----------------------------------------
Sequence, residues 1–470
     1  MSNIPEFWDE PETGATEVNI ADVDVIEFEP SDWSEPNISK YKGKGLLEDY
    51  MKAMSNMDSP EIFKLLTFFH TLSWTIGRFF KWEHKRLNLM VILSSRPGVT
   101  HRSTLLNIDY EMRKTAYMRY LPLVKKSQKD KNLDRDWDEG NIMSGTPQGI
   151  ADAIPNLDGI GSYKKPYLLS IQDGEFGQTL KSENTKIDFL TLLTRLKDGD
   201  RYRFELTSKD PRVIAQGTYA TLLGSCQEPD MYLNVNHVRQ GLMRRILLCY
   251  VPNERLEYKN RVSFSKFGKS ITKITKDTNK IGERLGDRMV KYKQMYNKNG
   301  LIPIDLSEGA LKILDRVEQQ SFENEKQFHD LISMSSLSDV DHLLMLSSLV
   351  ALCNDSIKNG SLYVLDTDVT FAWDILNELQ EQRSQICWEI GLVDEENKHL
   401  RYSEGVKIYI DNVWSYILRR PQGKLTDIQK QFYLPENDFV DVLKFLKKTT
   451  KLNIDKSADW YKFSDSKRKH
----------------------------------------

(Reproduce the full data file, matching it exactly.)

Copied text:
Sequence, residues 1–470
     1  MSNIPEFWDE PETGATEVNI ADVDVIEFEP SDWSEPNISK YKGKGLLEDY
    51  MKAMSNMDSP EIFKLLTFFH TLSWTIGRFF KWEHKRLNLM VILSSRPGVT
   101  HRSTLLNIDY EMRKTAYMRY LPLVKKSQKD KNLDRDWDEG NIMSGTPQGI
   151  ADAIPNLDGI GSYKKPYLLS IQDGEFGQTL KSENTKIDFL TLLTRLKDGD
   201  RYRFELTSKD PRVIAQGTYA TLLGSCQEPD MYLNVNHVRQ GLMRRILLCY
   251  VPNERLEYKN RVSFSKFGKS ITKITKDTNK IGERLGDRMV KYKQMYNKNG
   301  LIPIDLSEGA LKILDRVEQQ SFENEKQFHD LISMSSLSDV DHLLMLSSLV
   351  ALCNDSIKNG SLYVLDTDVT FAWDILNELQ EQRSQICWEI GLVDEENKHL
   401  RYSEGVKIYI DNVWSYILRR PQGKLTDIQK QFYLPENDFV DVLKFLKKTT
   451  KLNIDKSADW YKFSDSKRKH